The new technologies, larger scope of projects and added managerial layers
were proving a challenge for the existing process. Appropriate requirement
specification management and quality control were essential.

Introducing Test Driven Development

With the increase in the number of stakeholders, the complexity of meeting
requirements needed to be managed. Improved communications is always an on
going process, and a developer lead initiative to evaluate Test Driven
Development is under way to pilot it for suitability and effectiveness within our
organisation, as a communication and development tool.

The benefits of Test Driven Development are well documented. A list may
include:

   •   Test becomes more design than validation.
   •   Encourages small, manageable development steps.
   •   More productive, as failed tests are easier to fix, and found sooner in the
       development cycle.
   •   TDD gives rapid feedback to both development and other stakeholders.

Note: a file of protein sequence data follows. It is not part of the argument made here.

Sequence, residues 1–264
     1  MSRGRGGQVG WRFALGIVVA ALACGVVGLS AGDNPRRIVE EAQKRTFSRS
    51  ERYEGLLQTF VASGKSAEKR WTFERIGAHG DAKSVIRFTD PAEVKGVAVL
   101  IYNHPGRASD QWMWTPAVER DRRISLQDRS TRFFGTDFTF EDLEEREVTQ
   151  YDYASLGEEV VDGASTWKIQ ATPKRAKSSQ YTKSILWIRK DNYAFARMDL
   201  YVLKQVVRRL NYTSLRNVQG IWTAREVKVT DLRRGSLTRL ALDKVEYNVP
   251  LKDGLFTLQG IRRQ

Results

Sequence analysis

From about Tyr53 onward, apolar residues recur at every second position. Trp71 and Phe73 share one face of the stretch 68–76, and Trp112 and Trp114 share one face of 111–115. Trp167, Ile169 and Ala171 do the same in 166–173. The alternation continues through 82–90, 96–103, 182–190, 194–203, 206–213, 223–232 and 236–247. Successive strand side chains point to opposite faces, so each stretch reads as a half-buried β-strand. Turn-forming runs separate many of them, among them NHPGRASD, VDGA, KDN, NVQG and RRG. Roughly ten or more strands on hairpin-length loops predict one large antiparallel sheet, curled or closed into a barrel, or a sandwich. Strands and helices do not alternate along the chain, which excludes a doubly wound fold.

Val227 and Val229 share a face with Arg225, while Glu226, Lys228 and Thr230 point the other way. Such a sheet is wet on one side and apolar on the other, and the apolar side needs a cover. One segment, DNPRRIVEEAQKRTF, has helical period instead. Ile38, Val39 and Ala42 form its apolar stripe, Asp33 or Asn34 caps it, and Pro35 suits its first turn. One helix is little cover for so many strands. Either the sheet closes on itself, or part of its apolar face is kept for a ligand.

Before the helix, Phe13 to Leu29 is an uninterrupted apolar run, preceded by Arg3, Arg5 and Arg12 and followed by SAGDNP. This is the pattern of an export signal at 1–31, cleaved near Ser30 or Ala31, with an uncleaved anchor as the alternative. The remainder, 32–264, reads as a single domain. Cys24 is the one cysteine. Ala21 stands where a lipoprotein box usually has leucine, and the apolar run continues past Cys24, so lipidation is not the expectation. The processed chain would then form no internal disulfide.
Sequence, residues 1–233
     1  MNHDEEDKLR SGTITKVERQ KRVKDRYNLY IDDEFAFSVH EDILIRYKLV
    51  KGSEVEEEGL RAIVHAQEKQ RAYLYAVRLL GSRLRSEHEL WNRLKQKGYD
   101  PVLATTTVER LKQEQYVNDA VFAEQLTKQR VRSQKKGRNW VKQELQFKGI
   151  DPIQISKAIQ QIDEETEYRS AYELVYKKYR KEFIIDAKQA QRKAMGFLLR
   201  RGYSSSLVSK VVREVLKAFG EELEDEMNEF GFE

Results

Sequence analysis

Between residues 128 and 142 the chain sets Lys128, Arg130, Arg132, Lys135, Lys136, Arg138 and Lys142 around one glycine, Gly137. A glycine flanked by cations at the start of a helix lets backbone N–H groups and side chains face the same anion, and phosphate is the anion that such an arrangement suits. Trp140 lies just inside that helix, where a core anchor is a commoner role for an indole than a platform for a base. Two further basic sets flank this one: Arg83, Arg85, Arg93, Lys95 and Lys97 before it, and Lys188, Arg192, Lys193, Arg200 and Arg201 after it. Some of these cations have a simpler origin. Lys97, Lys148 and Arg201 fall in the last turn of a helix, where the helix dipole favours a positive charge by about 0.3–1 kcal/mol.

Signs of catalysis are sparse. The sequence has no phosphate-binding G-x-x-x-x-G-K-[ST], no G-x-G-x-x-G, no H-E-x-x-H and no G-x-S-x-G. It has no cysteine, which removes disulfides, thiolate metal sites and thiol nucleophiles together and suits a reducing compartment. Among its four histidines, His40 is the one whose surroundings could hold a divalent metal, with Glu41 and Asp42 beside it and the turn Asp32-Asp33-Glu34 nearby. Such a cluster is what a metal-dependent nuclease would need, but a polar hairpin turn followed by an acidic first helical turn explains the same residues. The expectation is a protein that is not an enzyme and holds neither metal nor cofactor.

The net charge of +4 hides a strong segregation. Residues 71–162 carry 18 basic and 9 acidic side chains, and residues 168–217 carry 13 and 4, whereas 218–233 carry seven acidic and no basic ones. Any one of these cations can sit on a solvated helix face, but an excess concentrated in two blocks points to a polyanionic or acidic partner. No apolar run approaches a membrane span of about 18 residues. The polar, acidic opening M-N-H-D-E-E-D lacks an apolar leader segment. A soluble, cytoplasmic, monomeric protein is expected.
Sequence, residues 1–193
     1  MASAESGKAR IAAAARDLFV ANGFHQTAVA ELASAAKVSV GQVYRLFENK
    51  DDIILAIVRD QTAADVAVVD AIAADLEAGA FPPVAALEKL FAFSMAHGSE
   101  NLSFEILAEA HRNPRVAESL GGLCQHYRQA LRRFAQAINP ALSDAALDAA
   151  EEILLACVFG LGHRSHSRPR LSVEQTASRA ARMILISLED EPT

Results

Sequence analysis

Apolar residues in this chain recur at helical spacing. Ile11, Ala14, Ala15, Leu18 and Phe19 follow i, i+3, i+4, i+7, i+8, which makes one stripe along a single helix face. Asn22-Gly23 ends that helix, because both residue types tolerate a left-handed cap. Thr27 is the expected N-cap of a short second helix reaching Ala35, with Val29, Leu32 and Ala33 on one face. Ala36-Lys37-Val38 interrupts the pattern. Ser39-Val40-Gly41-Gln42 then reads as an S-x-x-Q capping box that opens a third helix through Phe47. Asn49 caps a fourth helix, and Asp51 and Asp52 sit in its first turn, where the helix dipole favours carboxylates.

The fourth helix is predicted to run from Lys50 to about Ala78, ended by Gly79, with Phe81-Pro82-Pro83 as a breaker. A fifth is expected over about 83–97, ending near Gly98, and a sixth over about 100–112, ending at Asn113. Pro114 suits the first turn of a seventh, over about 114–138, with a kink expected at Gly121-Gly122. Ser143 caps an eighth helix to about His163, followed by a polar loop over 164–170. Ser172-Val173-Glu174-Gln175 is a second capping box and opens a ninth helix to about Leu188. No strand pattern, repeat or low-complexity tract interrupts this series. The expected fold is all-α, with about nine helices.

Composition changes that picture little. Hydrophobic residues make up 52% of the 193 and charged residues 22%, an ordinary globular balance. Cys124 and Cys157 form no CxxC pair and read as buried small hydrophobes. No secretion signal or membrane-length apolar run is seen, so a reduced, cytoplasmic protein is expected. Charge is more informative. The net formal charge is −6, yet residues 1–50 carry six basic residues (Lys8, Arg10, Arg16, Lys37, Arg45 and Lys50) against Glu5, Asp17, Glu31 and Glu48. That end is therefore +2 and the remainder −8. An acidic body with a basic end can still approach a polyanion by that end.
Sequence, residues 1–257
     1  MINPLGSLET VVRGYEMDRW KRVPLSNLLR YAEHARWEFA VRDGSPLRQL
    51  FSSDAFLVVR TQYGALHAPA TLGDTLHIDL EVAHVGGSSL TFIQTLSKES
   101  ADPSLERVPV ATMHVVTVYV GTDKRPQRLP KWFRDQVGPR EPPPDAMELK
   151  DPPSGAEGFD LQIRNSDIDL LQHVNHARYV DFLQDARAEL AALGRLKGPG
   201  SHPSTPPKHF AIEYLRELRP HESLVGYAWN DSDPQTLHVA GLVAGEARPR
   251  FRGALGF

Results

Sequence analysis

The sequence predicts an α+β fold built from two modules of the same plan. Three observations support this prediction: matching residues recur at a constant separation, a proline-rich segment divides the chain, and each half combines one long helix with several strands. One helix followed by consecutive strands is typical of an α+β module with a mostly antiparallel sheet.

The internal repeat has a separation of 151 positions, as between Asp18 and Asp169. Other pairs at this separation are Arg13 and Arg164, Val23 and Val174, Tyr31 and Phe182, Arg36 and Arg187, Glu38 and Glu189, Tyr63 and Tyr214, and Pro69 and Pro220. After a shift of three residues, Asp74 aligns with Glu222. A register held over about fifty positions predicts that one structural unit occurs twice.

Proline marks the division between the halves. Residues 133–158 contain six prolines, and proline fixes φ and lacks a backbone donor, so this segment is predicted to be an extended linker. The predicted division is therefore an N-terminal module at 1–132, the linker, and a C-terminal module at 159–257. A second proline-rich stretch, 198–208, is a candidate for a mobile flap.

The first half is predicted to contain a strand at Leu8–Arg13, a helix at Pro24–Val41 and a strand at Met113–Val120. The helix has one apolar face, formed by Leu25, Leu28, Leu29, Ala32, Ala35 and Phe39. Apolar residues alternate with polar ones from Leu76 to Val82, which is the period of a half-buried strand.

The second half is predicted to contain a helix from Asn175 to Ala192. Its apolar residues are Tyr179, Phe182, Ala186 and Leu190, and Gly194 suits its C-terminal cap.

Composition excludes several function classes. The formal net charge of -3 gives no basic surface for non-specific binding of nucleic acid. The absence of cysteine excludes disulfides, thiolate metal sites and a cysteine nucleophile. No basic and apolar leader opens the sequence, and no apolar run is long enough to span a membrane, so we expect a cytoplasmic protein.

•   Supports looser coupling of code and cleaner interfaces (improved
       design).
   •   Complimentary to agile model driven development.



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Test Driven Development – A case study                                    Author: Anthony Bennis




With the benefits clear, how does a Test Driven Development process get
introduced to an organisations development cycle?

In Pilz, it was driven by a technological evangelist, touting the benefits after
spending an elaboration trying out this new development technique.

To get everyone on board1, management and development alike, the developer